- Prior to the dental implant procedure, a comprehensive systemic evaluation, oral evaluation, and diagnostic work-up of the implant site(s) should be performed.
- Having a clear understanding of the desired implant outcome — from a surgical and restorative standpoint — will aid the surgeon during implant placement.
- Dental implants that are not well positioned can result in unesthetic results and an inability to properly clean and maintain the implant.
- Not only can the angle of the implant affect the restorative dentist’s ability to fabricate a restoration that is both esthetic and cleansable, the depth of the implant platform is also critical to implant success.
- When the ideal emergence and contour is not achieved, it creates areas that are difficult for the patient to maintain. Over time, this can lead to peri-implant disease and bone loss.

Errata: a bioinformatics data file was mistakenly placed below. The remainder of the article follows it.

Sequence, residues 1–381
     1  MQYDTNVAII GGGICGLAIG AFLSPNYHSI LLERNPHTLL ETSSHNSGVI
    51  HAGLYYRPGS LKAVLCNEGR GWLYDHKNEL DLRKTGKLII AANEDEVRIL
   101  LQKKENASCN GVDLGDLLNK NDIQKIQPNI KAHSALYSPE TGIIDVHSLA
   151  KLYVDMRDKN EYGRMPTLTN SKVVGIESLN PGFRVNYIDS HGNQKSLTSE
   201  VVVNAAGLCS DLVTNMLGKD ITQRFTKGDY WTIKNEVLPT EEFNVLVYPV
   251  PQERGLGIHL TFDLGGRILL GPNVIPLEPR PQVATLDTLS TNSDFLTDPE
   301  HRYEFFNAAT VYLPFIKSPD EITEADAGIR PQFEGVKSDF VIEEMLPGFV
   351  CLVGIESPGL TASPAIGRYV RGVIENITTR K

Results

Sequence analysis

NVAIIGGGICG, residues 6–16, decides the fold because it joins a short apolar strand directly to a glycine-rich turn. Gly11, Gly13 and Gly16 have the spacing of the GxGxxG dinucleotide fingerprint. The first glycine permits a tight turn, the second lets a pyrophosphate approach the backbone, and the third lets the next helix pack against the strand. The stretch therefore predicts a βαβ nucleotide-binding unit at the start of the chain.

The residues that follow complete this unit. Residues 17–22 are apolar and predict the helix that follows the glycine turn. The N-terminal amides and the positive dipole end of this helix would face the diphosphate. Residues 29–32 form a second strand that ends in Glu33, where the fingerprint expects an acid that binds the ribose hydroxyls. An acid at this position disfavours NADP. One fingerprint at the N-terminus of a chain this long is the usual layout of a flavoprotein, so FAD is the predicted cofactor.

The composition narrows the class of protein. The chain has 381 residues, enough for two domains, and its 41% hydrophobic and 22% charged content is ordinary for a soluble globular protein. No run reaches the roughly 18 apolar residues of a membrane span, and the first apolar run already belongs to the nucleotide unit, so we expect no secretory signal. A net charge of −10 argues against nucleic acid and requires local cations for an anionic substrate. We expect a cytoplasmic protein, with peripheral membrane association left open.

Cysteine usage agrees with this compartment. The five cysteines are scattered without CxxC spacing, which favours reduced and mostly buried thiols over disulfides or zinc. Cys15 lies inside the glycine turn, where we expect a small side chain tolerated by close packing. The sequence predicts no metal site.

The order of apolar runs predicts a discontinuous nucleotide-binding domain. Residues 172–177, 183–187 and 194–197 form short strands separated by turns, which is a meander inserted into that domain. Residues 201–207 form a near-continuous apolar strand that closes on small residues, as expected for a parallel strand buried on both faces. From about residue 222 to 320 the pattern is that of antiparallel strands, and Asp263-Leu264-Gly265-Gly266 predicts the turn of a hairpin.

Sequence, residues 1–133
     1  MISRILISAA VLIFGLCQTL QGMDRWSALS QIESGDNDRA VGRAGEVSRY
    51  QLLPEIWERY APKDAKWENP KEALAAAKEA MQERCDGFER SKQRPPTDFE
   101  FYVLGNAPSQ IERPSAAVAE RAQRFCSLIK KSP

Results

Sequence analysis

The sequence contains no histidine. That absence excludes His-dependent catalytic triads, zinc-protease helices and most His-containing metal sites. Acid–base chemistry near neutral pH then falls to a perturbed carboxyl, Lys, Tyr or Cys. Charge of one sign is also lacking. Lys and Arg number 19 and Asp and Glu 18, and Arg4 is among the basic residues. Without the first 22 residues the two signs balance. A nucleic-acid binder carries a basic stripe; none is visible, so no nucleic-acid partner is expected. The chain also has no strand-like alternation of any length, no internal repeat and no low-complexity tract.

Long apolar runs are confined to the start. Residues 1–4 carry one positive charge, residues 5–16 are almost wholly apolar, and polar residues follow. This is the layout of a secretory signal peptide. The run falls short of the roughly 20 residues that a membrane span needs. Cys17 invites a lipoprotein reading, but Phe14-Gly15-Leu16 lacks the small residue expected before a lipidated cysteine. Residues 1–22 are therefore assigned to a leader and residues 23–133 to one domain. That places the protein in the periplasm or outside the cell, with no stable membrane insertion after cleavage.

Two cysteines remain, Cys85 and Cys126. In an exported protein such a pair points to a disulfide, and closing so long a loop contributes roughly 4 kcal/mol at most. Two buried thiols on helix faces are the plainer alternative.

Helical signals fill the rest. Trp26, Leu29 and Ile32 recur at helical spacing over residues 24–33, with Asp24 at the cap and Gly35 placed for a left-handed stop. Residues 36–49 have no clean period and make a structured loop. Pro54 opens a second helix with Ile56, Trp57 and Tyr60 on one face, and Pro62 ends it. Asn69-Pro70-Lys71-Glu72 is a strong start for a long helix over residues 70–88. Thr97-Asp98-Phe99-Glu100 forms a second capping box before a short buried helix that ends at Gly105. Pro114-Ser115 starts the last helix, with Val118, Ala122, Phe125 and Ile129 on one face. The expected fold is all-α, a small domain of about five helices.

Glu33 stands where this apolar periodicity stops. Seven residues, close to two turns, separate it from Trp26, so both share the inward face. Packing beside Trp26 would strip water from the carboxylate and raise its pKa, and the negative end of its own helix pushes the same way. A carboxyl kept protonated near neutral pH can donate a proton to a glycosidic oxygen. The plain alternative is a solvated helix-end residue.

- Every effort should be made during dental implant procedures to ensure adequate keratinized tissue (at least 2 mm on all aspects of the implant).
- Positioning the implant in adequate bone, and being mindful of the adjacent anatomy and anatomical landmarks during surgical placement can also reduce complication rates.
- Misch CE. Root form surgery in the edentulous mandible: Stage I implant insertion. In: Contemporary Implant Dentistry. 2nd ed. St. Louis: CV Mosby; 1999:360.
- Tarnow DP, Cho SC, Wallace SS. The effect of inter-implant distance on the height of inter-implant bone crestJ J Periodontol. 2000;71:546–549.
- Gastaldo JF, Cury PR, Sendyk WR. Effect of the vertical and horizontal distances between adjacent implants and between a tooth and an implant on the incidence of interproximal papilla. J Periodontol. 2004;75:1242–1246.